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NETSTUD37 Posts: 12
9/19/10 12:07 P

It saves time when compared to the marathon training sessions that many pro's use. I recommend Mike mentzer's heavy duty 2. It's a good read and was helpful to me. After the warm up you do 1 set to failure. At times you use a pre-exhaust technique. For instance I do peck-deck as an isolation pre-exhaust followed immediately with incline presses. It is very intense. Chest is fried. It's like being in the intense August sun for 30 minutes vs. standing in front of a light bulb all day. What will produce the best tan? Obviously the sun. Many people dont recognize the importance of recovery which is key. Muscles dont grow in the gym. Recovery could take days after a high intense workout. So the time savings is the fact that a workout could last literally only 15 minutes vs 1.5 hrs or more.

BREWMASTERBILL SparkPoints: (31,080)
Fitness Minutes: (12,713)
Posts: 4,110
9/18/10 7:21 A

NETSTUD - The book I read about HIT stressed the time savings and safety factors of HIT. The safety factor I get (less possibility for injury), however, I don't get the time savings point. As a beginner you're still doing 4 sets (2 warmups, 2 work sets), so how does that save time?

NETSTUD37 Posts: 12
9/15/10 11:02 P

made some good strength gains with HIT. I am up several reps in all exercises and feel really recovered. I will keep this up until I have more time to devote to a more traditional workout regimen.

NETSTUD37 Posts: 12
9/1/10 7:49 A

yeah mentzer didnt use it to the extent he says everyone else should. I have used it because it fits my hectic schedule. For instance this week I havent been able to workout at all. Hope to start up again at the end of the week. Dorian yates used a variation of it for his Olympia training but he was also on steroids so who knows how effective HIT would have been for him if he were clean

HOSEZAY Posts: 38
8/30/10 9:31 A

Mentzer based his method on the principles created/discovered by Arthur Jones who also invented nautilus machines that were all the rage back in the eighties. They still make very good equipment.
Mentzer and his brother died just days apart several years back.
As far as the Training, it is very intense and most people don't have the mental frame of mind to make it work and the ability to recover from the workouts without burning out. I would suggest other methods of training or find a person who has been trained to teach the hit method because most people who just read the book will never reach the intensity level needed to make it work.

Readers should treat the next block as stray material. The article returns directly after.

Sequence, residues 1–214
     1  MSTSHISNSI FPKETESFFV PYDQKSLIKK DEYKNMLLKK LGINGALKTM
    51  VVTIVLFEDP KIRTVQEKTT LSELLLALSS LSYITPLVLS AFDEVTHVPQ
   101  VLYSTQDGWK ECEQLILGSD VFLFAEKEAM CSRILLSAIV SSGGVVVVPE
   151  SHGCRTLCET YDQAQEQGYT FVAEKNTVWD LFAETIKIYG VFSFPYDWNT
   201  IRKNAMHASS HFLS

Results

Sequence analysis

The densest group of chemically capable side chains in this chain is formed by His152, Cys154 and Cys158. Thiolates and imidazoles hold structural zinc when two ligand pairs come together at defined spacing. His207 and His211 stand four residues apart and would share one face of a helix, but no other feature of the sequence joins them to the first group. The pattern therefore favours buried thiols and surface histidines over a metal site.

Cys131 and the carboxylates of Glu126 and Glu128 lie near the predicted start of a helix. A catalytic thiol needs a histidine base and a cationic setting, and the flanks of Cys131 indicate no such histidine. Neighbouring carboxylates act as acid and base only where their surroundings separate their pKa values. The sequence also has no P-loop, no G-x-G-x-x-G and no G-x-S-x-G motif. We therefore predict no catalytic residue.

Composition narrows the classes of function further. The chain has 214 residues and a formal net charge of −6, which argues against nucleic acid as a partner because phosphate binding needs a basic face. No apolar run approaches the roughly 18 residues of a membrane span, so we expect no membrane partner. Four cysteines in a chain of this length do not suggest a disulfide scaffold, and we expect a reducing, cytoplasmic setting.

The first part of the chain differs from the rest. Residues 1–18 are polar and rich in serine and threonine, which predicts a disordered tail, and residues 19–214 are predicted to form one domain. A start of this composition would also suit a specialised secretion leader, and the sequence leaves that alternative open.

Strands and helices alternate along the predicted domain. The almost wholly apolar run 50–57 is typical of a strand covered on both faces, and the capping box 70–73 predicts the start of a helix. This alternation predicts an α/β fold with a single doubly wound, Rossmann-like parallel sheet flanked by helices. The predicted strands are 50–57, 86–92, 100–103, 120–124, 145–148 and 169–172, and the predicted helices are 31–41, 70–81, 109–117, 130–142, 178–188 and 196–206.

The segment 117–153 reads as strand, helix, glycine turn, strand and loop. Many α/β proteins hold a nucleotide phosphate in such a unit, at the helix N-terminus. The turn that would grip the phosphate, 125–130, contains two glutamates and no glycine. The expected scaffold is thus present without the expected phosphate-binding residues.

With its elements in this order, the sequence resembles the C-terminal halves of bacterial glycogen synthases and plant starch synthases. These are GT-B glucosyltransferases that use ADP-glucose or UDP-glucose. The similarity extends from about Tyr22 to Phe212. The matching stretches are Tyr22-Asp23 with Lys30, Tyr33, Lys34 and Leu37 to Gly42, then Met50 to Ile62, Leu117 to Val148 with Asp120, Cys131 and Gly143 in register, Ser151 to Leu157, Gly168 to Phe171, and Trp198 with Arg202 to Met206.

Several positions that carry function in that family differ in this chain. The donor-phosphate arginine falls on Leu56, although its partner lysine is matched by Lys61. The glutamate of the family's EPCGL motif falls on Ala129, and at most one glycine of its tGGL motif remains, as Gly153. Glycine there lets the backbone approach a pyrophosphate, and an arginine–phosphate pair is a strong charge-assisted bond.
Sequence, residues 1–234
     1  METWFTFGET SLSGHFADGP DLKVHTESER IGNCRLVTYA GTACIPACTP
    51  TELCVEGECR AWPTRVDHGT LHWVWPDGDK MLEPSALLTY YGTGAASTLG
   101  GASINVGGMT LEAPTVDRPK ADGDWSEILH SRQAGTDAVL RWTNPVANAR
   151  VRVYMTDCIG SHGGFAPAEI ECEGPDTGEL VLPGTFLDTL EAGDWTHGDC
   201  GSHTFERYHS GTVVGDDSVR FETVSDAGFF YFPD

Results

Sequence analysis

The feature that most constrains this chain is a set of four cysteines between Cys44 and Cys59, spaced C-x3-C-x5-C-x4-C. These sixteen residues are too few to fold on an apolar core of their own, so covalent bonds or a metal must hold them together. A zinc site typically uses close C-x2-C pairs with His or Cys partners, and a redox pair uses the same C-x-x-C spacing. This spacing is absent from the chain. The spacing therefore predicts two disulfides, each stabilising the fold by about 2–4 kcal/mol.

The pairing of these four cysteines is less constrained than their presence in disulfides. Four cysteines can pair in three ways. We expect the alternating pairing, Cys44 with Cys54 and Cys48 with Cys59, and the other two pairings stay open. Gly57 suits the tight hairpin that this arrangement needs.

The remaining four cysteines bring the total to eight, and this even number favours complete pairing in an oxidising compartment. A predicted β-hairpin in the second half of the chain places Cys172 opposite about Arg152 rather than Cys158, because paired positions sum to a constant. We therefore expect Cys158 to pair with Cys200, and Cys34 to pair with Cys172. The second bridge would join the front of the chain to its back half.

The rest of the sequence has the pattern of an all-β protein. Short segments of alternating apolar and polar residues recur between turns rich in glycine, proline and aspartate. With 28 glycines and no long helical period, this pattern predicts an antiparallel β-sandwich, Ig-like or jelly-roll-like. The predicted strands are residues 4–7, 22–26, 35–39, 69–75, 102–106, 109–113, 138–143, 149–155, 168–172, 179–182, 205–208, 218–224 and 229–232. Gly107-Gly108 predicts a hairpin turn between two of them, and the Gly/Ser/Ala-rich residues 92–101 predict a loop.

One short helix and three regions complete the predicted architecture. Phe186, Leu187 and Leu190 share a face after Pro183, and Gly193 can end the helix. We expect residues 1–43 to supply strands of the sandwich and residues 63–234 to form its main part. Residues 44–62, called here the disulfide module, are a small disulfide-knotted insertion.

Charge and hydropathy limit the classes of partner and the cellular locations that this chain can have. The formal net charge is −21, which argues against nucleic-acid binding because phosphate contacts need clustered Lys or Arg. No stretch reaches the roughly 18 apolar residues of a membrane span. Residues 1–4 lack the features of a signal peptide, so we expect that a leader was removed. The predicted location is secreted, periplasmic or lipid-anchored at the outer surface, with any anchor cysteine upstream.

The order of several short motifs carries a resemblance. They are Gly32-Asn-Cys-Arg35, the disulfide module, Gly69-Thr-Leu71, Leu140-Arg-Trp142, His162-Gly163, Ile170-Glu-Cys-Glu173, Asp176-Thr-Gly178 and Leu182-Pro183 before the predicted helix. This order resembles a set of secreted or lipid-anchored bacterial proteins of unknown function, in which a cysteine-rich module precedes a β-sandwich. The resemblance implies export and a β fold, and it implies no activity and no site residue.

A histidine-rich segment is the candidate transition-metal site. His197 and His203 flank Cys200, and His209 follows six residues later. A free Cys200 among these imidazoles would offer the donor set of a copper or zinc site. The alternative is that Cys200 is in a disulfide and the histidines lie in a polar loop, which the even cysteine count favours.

The above is just the two cents worth of and old 80's bodyuilder who tried everything, and I do mean everything.
I would suggest you go over to bodybuilding.com over 35 bodybuilding section and ask your questions about routines, diet, etc. There are some very savvy people there that might be able to steer you in the right direction. Hope this helped.
One more thing, if you are dieting pretty heavy and by that I mean in 1500 to 1800 calorie perday kind of dieting it is going to be very very hard to gain muscle. Not saying it can't be done, but if you are going to gain muscle you have to eat for it. It might be better for you just to try to conserve what muscle you have and then go for building once you are down to a normal weight.

Edited by: HOSEZAY at: 8/30/2010 (09:46)
ARMSPORTS Posts: 1,310
8/30/10 8:36 A

I have used it and researched the science behind it. I believe it can be effective for short periods but is not the best approach to long term training ( I should point out there is some controversy as to whether Mentzer used this form of training to the extent claimed or if it was just a marketing tool. At any rate he took a lot of his theories from Arthur Jones, the developer of Nautilus Equipment.

No one disagrees that reaching threshold levels of intensity are critical to building muscle mass. But most peer reviewed research has shown that multiple sets are superior to single set maximal intensity routines (i.e. including forced reps and negatives). From personal experience, I think following up a more typical volume training approach with several weeks of HIT could be highly effective.

BREWMASTERBILL SparkPoints: (31,080)
Fitness Minutes: (12,713)
Posts: 4,110
8/29/10 5:58 P

I haven't used HIT methods yet, but I read the book "Training for Mass" by Gordon LaVelle.

www.amazon.com/Training-Mass-Second-Gordon
-LaVelle/dp/1616589426/ref=ntt_at_ep_d
pi_1


I think it's worth a try, but I cannot do it yet. First, I'm doing P90X for now. Second, I think I'm going to try a bit of volume training before HIT. I could see myself going a round of HIT within the next 6-9 months.

NETSTUD37 Posts: 12
8/28/10 9:34 P

Hey has anyone heard of Mike Mentzer and HIT? I have been researching his ideas and was wondering if anyone has followed his methods. He is a former Mr. Universe and was very close to defeating Arnold Schwarzenegger for the Olympia. He states that intensity is key to muscular growth and that only 1 set to failure is sufficient to stimulate growth. Another former Mr. Olympia followed this strategy (Dorian Yates) and had great success.

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